Aged care services is another area that is increasingly in demand, both among older SMSF members and their children. “Over the last few years, like many professionals, I’ve had to deal with ageing parents, nursing home options and what are the best options for managing the finances of an ageing population,” says Mr Docherty.
“Consumers are looking at, well, who is going to help [them] in the future and what kind of advice an they provide me in order to demystify things like social welfare systems, the pros and cons of aged care facilities or retirement villages,” he says.
“That type of advice will become more and more important and a real opportunity for advisers to extend their services in the future.”
Mr Docherty says there are several courses available on understanding the different components of the aged care system and the social welfare system. “I think that’s a really good opportunity for an adviser to focus on where they might have a lack of knowledge, where they can actually build on that knowledge,” he says.
Accountants in particular may also want to increase specialisation by studying or a master’s degree at a university or other educational institution, says Mr Colley. However, SMSF practitioners need to carefully consider the level of the course and should also be aware that some courses may be biased toward other professions, he adds.
“For example, the Master of Applied Taxation course offered by the University of New South Wales is heavily directed at lawyers and people practising law,” says Mr Colley.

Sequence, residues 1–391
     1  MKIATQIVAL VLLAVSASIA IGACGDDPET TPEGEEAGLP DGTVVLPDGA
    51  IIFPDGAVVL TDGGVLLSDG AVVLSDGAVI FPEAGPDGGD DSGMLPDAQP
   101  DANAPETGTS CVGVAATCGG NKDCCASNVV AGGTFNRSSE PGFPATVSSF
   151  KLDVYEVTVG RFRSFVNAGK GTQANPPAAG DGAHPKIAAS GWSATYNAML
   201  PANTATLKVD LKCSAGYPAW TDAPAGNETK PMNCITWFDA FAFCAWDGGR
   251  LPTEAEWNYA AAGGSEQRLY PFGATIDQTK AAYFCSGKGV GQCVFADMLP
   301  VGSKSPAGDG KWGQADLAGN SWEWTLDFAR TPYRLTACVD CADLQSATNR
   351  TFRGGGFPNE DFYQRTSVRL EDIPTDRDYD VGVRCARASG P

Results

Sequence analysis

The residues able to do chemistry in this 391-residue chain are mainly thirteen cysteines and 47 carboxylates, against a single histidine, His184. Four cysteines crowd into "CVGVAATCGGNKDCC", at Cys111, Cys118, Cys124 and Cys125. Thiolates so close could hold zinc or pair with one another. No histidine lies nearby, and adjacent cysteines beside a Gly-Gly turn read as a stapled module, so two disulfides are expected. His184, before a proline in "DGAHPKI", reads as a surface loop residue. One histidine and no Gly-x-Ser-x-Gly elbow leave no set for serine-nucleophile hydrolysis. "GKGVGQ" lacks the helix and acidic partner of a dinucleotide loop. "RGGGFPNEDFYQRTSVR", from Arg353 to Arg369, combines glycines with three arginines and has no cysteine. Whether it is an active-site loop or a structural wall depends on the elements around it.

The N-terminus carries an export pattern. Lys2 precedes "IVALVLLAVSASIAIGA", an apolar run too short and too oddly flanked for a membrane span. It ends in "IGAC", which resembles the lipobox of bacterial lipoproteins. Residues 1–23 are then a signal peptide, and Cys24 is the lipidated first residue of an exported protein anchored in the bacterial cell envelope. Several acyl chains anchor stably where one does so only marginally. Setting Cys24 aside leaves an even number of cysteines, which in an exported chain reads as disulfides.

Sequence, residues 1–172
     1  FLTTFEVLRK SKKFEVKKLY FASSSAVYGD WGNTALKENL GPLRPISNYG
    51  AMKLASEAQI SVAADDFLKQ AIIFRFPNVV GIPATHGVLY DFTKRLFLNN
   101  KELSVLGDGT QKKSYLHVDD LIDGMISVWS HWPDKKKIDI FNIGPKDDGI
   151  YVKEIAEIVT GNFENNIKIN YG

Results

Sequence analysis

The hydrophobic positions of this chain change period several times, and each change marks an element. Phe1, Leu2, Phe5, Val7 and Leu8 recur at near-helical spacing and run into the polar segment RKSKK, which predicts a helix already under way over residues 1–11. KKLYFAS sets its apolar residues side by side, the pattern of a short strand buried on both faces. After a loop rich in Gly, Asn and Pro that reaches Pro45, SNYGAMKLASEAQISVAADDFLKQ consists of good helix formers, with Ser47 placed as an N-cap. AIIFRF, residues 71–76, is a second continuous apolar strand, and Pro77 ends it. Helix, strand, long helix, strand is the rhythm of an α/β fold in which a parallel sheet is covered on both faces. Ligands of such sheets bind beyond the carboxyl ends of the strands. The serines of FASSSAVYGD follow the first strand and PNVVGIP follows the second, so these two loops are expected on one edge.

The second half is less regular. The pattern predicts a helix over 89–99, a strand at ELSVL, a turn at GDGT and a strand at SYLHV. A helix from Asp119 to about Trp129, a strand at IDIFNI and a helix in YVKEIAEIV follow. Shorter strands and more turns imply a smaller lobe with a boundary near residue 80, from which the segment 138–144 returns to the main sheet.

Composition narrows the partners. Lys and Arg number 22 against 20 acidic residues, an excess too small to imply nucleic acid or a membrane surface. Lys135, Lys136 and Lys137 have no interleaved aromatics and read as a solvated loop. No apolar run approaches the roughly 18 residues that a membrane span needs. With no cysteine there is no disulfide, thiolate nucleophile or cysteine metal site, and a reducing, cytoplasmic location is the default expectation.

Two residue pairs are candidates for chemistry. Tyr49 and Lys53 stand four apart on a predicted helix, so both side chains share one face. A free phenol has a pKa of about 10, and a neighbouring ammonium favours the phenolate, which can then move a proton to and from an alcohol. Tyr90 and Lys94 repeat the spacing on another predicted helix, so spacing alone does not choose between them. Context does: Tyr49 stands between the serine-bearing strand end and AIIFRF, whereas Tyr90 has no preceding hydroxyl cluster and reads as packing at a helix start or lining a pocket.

While there is no doubt this could be a handy qualification to have, practitioners should really think about what kind of advice they want to offer clients before they take it on.
“Accountants may want to do it because it’s a much more technical approach to things,” he says.
Registration as a tax (financial) adviser
Financial advisers who offer SMSF advice may also want to consider registering as a tax (financial) adviser. Financial advisers who advise on tax for a fee should already be registered, says Mr Colley.
It makes sense for financial advisers who deal with SMSFs to do this, adds Mr Burgess, since SMSF advice is often centred extensively around tax. “Whether you’re talking to clients about how to properly structure a pension and whether it should be segregated or not, how to correctly apply tax losses or so forth, all those areas require tax knowledge,” he says.
“[Tax knowledge] is also an important part of providing comprehensive advice around SMSFs given there is a very strong tax element to it.”
Mortgage or finance broking Financial advisers who have a large number of SMSF clients interested in borrowing through their SMSF may find it worth gaining a qualification and licence in mortgage or finance broking.
“The [Mortgage & Finance Association of Australia] offers an SMSF specialist lending course, so we’re seeing a lot more mortgage brokers in that area that are going through an accredited course like that, not just for the skill set but for their credit licence,” says Mr Dunn.
Mr Burgess says there are also a number of classes or courses focused on the borrowing rules designed for financial advisers who don’t want to go as far as obtaining their own credit licence but who want to increase their knowledge of limited recourse borrowing arrangements and the related-party rules.